the microgram range. In addition, new ranges of therapeutic agent are being developed based on a rapidlyincreasing understanding ofthe functioning ofthe humancell and the relationship between the activity of genesand the functions of the proteins they manufacture(genomics and proteomics). Using these techniques,biological compounds such as antigens can be producedwhich modify cell function in a fundamentally differentway to traditional chemical therapeutic agents. Ourknowledgeofthehazardslinkedtothesetechniquesisstillin its infancy and understanding ofthese hazards is one of the major challenges for the future.As the drug development cycle progresses, pharma-ceutical agents are subject to comprehensive regulatorytesting, both for efficacy and safety, and detailed pre-clinical and clinical toxicology information is generated,upon which worker occupational exposure limits can bebased.However,despite comprehensive risk managementsystems, studies have shown that worker health effectshave been experienced in the industry, particularly inpersonnel working with potent compounds such assteroids, or compounds with the capacity to causecumulative damage, such as cytotoxic anti-cancer drugs.
To carry out this review, a systematic search of theMEDLINE database was undertaken (1966–November2002) using subject heading and key word searchesfor ‘pharmaceutical industry’ and ‘pharmaceuticalmanufacture’, together with terms for ‘occupationalexposure’,‘worker health’,‘overexposure’and ‘hazardoussubstance’. All of the abstracts were reviewed and majorarticles retrieved and examined. In addition, bibliog-raphies of existing reviews were studied and furtherreferences followed up. In particular, the reviews byTeichmann
.  and Huyart  were of value in thisrespect.
Acute pharmacological effects
Most harmful effects resulting from exposure to pharma-ceutical agents are the result of acute pharmacologicaleffects, although reports in the literature are relativelyrare. It is possible that this reflects conservativeoccupational exposure limit setting practices, togetherwith short-term exposure patterns and effective exposurecontrols. It is also possible that many mild cases are onlyreported internally and are not published. Among thosewhich have been published is the case presented byAlbert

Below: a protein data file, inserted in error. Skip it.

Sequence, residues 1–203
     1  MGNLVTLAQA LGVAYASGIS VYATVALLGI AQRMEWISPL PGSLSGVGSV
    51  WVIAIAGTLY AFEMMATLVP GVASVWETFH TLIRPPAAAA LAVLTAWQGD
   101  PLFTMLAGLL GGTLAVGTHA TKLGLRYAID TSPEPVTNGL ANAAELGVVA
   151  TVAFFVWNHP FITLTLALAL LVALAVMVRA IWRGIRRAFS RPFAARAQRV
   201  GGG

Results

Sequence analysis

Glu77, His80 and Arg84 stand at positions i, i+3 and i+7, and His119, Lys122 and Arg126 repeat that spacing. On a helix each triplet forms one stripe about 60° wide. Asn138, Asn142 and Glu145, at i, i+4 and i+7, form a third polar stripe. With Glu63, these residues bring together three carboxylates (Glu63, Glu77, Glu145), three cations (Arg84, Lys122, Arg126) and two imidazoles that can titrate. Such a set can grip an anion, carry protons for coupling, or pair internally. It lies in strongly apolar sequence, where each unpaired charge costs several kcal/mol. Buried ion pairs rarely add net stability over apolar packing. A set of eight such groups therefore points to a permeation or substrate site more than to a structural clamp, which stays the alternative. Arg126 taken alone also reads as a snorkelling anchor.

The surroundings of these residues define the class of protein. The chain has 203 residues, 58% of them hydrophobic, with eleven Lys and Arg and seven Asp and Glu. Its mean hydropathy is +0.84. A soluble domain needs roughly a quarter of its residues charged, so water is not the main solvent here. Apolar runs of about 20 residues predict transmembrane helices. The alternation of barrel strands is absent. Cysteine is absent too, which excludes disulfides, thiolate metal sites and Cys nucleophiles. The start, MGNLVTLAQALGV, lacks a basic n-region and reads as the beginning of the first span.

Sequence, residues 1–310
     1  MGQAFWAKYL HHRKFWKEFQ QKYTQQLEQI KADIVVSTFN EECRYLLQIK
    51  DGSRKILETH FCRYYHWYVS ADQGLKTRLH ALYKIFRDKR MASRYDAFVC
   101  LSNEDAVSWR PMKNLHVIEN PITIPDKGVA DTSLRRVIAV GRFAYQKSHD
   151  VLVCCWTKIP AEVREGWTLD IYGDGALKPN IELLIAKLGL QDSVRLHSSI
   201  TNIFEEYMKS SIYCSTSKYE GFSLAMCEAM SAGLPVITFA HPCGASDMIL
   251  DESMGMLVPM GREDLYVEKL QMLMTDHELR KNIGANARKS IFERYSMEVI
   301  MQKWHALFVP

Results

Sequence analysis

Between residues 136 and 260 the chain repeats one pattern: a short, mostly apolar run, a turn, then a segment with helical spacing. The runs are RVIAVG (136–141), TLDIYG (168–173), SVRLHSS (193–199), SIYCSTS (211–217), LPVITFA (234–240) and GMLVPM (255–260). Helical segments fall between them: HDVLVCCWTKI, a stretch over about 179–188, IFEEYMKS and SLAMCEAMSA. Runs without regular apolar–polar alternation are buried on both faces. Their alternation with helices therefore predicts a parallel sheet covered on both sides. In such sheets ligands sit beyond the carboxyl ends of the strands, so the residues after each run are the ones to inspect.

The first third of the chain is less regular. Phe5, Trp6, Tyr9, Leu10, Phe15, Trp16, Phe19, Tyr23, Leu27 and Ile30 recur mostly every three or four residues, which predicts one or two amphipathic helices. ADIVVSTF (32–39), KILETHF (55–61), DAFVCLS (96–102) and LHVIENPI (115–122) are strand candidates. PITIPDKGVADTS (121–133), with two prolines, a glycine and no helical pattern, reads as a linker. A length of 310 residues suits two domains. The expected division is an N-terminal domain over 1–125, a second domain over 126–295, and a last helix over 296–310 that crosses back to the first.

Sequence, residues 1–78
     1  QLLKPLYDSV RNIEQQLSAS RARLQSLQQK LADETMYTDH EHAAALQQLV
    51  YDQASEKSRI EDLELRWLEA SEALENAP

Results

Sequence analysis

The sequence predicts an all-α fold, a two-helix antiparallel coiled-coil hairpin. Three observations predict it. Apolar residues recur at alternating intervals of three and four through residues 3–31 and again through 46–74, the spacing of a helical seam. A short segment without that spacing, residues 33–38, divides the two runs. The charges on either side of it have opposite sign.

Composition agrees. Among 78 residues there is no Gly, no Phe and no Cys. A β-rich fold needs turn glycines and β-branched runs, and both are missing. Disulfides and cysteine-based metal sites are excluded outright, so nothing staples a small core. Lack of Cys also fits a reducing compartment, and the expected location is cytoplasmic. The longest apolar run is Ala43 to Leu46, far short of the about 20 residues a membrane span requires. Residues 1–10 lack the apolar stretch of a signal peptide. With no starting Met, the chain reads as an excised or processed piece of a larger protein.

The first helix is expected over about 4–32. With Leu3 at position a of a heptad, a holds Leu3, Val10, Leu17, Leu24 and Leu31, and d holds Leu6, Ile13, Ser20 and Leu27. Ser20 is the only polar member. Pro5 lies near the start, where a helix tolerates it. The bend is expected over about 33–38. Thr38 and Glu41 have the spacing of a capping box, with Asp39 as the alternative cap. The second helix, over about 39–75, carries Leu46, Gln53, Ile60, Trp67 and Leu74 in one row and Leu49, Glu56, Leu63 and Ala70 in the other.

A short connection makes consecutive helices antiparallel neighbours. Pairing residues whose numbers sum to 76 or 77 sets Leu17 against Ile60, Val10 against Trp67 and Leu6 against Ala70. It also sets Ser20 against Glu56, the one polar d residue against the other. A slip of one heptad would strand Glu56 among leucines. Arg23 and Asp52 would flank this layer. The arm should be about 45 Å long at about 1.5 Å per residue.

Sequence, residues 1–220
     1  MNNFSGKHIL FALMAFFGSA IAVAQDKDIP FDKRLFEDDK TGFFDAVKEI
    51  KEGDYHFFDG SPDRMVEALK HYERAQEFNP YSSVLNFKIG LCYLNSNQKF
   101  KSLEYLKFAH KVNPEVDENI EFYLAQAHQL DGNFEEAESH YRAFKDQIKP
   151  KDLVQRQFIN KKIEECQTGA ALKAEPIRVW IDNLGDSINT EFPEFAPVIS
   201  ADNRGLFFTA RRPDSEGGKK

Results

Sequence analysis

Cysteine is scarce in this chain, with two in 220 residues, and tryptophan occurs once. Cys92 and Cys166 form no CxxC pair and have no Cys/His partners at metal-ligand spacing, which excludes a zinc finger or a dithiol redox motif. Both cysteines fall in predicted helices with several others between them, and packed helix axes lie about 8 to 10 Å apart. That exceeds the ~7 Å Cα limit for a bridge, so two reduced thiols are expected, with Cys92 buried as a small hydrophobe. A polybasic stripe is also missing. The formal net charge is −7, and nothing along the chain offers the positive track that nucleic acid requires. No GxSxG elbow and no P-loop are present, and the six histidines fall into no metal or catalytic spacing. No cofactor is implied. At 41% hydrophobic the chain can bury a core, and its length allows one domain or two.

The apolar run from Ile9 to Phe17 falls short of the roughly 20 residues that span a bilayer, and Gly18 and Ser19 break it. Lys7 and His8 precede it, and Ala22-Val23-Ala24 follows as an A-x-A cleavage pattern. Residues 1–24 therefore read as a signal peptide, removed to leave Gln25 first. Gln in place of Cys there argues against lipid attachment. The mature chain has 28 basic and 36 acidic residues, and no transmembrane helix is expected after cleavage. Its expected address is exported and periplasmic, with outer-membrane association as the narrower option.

. , in which an operator working on themanufacture of glibenclamide was admitted to hospital inhypoglycaemic coma and the report of a study by Baxter
.,in which operators were found to have absorbedsignificant levels of barbiturates.
Chronic effects from potent compounds
The problems of highly potent compounds arehighlighted by the case presented by Jibani and Hodges, in which an operator suffered severe effects from theexcessive absorption of vitamin D3. This case is unusual,however, as the most common problems reported in theliterature have been linked to exposure to two specifictypes of potent compound: steroid hormones and cyto-toxic anti-cancer drugs.
Oestrogens and progestagens
The first report of adverse effects in workers related tooestrogens dates back to 1942,when Scarff and Smith noted the development of gynaecomastia and loss of libido in men working with diethylstilboestrol.A series of reports throughout the 1970s and 1980shighlighted the problems of steroids, including those of Suciu
, showing an increase in psychologicaleffects, testicular discomfort and loss of libido in workersmanufacturing acetoprogesterone.An important studywasconductedbyHarrington
 looking at workers exposed to synthetic oestrogens.Of the 25 men studied, five were found to have effectslinked to steroid exposure, including gynaecomastia, lossof libido and galactorrhoea. Of the 30 women, 12 werefound to have menstrual breakthrough bleeding, a ratefour times more frequent than that in the controlpopulation. This study is interesting, as an attemptwas made to link clinical effects to exposure levels andbiological markers such as the plasma drug levels. Theinterpretation of the plasma drug levels proved difficult,as the relationship to exposure was not clear. To under-stand the true level of exposure, a series of samples isrequired over a defined period of time to determine thearea under the exposure versus plasma concentrationcurve.Itwas,however,notedthatthelevelswerehigherinthe workers with the higher exposure.Further studies by Shmunes and David investigating workers exposed to diethylstilboestrol andMills
 confirmed the prevalence of problems atvery low levels of exposure.Taskinen
 conducted a register-based,case-control study on the pregnancy outcome of femaleworkers in eight Finnish pharmaceutical factories todetermine whether they had a higher risk of spontaneousabortion than the general population or matchedcontrols. In a logistic regression model (which includedoestrogen exposure, solvent exposure frequency of usageand heavy lifting), the odds ratio (OR) was increased foroestrogens (OR= 4.2,
= 0.05),aswellasfor continuousheavy lifting (OR = 5.7,
= 0.02).However,it is difficult